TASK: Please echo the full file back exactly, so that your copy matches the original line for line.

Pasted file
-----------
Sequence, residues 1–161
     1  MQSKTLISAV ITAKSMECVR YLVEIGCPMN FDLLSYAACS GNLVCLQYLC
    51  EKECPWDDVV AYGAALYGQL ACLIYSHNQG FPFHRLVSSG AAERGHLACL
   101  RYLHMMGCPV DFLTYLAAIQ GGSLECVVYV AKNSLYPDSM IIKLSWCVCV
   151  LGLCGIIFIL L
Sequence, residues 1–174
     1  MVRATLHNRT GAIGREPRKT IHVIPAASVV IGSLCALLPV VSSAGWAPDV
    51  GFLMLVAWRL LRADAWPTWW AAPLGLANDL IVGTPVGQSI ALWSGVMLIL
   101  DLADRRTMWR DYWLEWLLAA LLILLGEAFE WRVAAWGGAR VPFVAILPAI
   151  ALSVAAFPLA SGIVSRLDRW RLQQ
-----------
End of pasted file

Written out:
Sequence, residues 1–161
     1  MQSKTLISAV ITAKSMECVR YLVEIGCPMN FDLLSYAACS GNLVCLQYLC
    51  EKECPWDDVV AYGAALYGQL ACLIYSHNQG FPFHRLVSSG AAERGHLACL
   101  RYLHMMGCPV DFLTYLAAIQ GGSLECVVYV AKNSLYPDSM IIKLSWCVCV
   151  LGLCGIIFIL L
Sequence, residues 1–174
     1  MVRATLHNRT GAIGREPRKT IHVIPAASVV IGSLCALLPV VSSAGWAPDV
    51  GFLMLVAWRL LRADAWPTWW AAPLGLANDL IVGTPVGQSI ALWSGVMLIL
   101  DLADRRTMWR DYWLEWLLAA LLILLGEAFE WRVAAWGGAR VPFVAILPAI
   151  ALSVAAFPLA SGIVSRLDRW RLQQ